In this type of ‘finder, the brightness of the ‘bright frame’ data is automatically adjusted according to the brightness of scene. The X100’s finder consists of all-glass elements made from high-refractive index glass with low chromatic aberration and distortion. It has an eye point of approximately 15 mm and a proximity sensor that detects when your eye is close and switches from the LCD. Dioptre adjustment of -2 to +1 dioptres is provided, which may not be enough for some potential users.

      The optical viewfinder has a magnification of 0.5x and the frame line covers 90% of the subject. Outside of the frame line it provides a slightly wider view of the subject than the sensor ‘sees’, enabling users to keep track of objects just outside the frame.


      A schematic diagram of the Hybrid Viewfinder in the FinePix X100. (Source: Fujifilm.)

      The electronic viewfinder replaces the ‘bright frame’ elements with a 1,440,000 dot LCD panel that displays data like shutter speed, aperture, white balance, exposure correction and sensitivity. Users can switch between optical and electronic viewfinder images with the lever switch on the camera’s front panel, giving them the ‘best of both worlds’.

      In use, the X100’s viewfinder is a pleasure to use. The optical setting provided the advantage of real-time viewing and minimised capture lag. Because it responds automatically to ambient lighting, the electronic mode appeared slightly brighter in low light levels.

      In bright conditions, however, it displayed a narrower dynamic range than the optical mode. Nevertheless, it enables you to see how shots will be exposed and provides true 100% frame coverage.

      The Display Custom Setting mode in the Shooting menu allows users to select a range of data overlays for display in both OVF and EVF modes. Included are framing guidelines, electronic level, AF distance indicator, histogram, aperture, shutter speed and ISO settings, exposure compensation, photometry, flash, white balance, film simulation, dynamic range, image size/ quality, frames remaining and battery level.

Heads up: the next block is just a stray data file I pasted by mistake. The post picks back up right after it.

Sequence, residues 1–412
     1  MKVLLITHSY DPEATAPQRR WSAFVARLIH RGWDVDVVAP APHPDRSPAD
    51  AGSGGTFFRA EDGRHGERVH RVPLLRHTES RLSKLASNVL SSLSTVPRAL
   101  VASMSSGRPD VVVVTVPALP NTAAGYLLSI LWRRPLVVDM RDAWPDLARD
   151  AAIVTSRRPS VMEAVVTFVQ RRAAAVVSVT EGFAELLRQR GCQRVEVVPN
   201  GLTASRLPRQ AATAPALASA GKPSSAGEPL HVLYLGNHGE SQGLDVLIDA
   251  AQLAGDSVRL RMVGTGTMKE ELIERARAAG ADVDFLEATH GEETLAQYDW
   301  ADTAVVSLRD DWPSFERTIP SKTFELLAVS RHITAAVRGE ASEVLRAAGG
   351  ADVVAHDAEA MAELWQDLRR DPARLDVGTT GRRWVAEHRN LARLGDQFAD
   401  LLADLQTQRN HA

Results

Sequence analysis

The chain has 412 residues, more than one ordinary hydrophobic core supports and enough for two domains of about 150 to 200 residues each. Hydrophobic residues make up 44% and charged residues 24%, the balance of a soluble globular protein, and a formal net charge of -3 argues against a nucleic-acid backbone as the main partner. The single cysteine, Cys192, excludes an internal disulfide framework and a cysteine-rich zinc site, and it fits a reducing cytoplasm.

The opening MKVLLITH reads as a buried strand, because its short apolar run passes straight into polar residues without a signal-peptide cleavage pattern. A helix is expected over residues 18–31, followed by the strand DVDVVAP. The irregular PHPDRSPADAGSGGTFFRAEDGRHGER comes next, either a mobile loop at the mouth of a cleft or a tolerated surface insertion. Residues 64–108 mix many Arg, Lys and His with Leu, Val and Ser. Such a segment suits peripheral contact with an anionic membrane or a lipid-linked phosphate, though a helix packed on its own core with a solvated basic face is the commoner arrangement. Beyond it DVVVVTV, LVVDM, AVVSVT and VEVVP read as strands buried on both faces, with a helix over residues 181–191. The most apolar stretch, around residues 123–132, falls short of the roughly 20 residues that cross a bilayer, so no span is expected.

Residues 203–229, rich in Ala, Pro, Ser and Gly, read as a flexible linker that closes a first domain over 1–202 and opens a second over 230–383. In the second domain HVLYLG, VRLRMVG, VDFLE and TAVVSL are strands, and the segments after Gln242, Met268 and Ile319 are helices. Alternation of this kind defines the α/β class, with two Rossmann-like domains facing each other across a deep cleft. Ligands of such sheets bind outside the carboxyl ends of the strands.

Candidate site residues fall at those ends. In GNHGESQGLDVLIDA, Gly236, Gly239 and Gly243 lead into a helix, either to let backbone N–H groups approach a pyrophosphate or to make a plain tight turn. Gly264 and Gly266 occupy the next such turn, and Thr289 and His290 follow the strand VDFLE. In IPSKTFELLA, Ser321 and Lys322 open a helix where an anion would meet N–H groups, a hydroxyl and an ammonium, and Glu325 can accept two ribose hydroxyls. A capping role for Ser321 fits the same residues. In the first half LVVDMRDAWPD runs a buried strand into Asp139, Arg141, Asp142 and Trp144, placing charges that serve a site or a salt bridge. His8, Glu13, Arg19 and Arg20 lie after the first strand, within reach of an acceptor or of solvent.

Sensor and Image Processing
      The 23.6 x 15.8 mm (APS-C sized) sensor in the X100 has been developed exclusively for this model. Offering an effective resolution of 12.3 megapixels it provides high-speed read-out to the camera’s EXR Processor. Together they optimise autofocusing speeds, taking advantage of the camera’s optical viewfinder and low shutter lag times.

      The microlenses covering the sensor have been matched to the lens to maximise the sensor’s light-gathering capabilities as shown in the diagram below. This has enabled Fujifilm to provide a normal sensitivity range of ISO 200 to ISO 6400 and offer expansion to ISO 100 and ISO 12800.


      Alignment of the microlenses on the X100’s sensor to optimise light-capturing. (Source: Fujifilm.)
      Image files are recorded by default in JPEG format but users can opt for RAF.RAW or RAW+JPEG pairs. Interestingly, all raw files are recorded with a 3:2 aspect ratio, regardless of the settings selected in the camera and compression rates for 16:9 images are lower than for 3:2 images, particularly with the ‘Normal’ quality setting. Typical file sizes are shown in the table below.

      Aspect ratio

      Image Size






      4288 x 2848



      4288 x 2848



      4288 x 2848




      3072 x 2048?




      2176 x 1448?





      4288 x 2416




      3072 x 1728




      1920 x 1080



      The X100 also provides two ‘Motion Panorama’ modes, which are selected via the drive settings. They are distinguished by their angle of view (which is selected from 180 and 120 degrees by toggling the left side of horizontal arrow pad buttons) and their direction (selected with the right side of the arrow pad).

      In these modes, the camera collects a series of JPEG exposures as you sweep the lens across the scene in the selected direction. You can hear the shutter clicking as you pan and the camera will alert you if you stray too far from the indicated path or move too quickly. An indicator bar on the LCD monitor helps you to track progress.